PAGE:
Argyll, the Trossachs & Stirling
Defending the Highland Boundary Line to protect north Scotland’s red squirrels
With vast tree canopies and plentiful food supply, the forests of west Scotland are home to healthy numbers of red squirrels. However, grey squirrels spreading northwards from the Central Belt and westwards from Stirlingshire and Perthshire continue to threaten their survival.
These grey squirrels not only out-compete reds, some also carry the deadly squirrelpox virus. If their spread was allowed to continue, Scotland’s red squirrel stronghold in the southern Highlands would be at serious risk.
Complete removal of grey squirrels from the Central Lowlands is not a practical option. The aim here is containment of the grey squirrel population to prevent further inroads being made on Scotland’s core red squirrel populations north of the Highland Boundary Line, where lowland Scotland meets the mountainous north.
Working in partnership with the Loch Lomond and The Trossachs National Park, Saving Scotland’s Red Squirrels has set up a red squirrel protection network of landowners controlling grey squirrels under Scottish Rural Development Programme (SRDP) funding, backed by local volunteers and the project’s own seasonal control staff.
In the future, we may be faced with squirrelpox in the Central Lowlands’ grey squirrel populations and it will be imperative that grey squirrel densities along the Highland Line are kept to a sufficiently low level, ensuring that there is insufficient circulating disease to be readily transmitted to neighbouring red squirrels.
Where red squirrels do succumb locally to the disease, we need to prevent grey squirrels from colonising the vacant habitat, so that it remains available for red squirrels to recolonise once the disease has burnt out.
Evidence from our work in southern Scotland has shown that this approach can be successful in allowing the persistence of red squirrels, whose populations can go on to thrive despite the presence of the squirrelpox disease (including outbreaks of disease in reds).
Achievements to date
Halting the spread of grey squirrels – In recent years we have seen no further spread of grey squirrels northward or westwards in the National Park area.
Red squirrel recovery – Analysis of trapping results has shown early signs of both a decline in grey squirrel numbers and the beginnings of a recovery in red squirrel populations in many areas.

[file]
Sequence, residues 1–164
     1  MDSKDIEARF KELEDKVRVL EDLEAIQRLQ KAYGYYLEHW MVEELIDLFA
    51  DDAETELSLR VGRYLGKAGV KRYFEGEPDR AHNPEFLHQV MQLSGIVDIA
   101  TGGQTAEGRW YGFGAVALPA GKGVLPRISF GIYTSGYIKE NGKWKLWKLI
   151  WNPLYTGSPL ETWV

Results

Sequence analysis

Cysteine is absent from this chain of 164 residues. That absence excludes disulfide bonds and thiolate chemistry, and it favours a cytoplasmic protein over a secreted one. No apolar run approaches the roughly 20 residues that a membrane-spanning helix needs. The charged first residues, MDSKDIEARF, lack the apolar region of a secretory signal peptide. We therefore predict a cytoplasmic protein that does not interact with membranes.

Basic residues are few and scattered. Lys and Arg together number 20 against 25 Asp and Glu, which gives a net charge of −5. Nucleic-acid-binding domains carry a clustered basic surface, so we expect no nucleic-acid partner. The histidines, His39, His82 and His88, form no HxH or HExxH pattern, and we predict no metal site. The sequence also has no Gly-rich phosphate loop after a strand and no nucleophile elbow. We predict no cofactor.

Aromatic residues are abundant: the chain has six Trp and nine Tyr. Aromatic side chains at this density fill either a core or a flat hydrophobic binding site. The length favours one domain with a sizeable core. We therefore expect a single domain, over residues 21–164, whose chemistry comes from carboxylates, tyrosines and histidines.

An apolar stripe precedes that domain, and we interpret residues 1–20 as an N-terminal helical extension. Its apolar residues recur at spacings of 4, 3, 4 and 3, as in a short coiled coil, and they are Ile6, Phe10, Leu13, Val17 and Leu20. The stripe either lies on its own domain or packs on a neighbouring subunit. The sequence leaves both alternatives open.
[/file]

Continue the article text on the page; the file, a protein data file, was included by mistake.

Landowner support – We are helping landowners to access Scottish Rural Development Programme funding to support grey squirrel control. Others are voluntarily supporting the project through our trap-loan scheme.
Volunteer support – Our survey volunteers are helping us monitor changes in red and grey squirrel numbers across Loch Lomond and the Trossachs National Park, and measure the impact our work is having in the region. Other volunteers are supporting vital control work through our trap-loan scheme.
Squirrelpox testing – Since 2012 we have carried out annual blood-sampling of grey squirrels across Tayside to test for squirrelpox antibodies, as part of a national squirrelpox monitoring scheme designed to detect any spread in the disease.
How you can help
- Help us monitor the situation in Argyll, the Trossachs & Stirling by submitting a squirrel sighting to our website
- Help prevent the spread of squirrelpox by cleaning your garden feeders regularly
- Get involved in citizen science by taking part in our spring surveys
- Take action for red squirrels by joining our trap-loan scheme
Volunteering with Saving Scotland’s Red Squirrels is a fantastic way to connect with nature and support your local area’s special native wildlife. Our volunteers are provided with the training and resources they need to participate.
Landowners in certain areas can control grey squirrels under Forestry Grant Scheme funding, or join the project’s trap-loan scheme. Woodland owners, meanwhile, can adjust the management of their woods to benefit red squirrels. Please contact your local Conservation Officer for more information.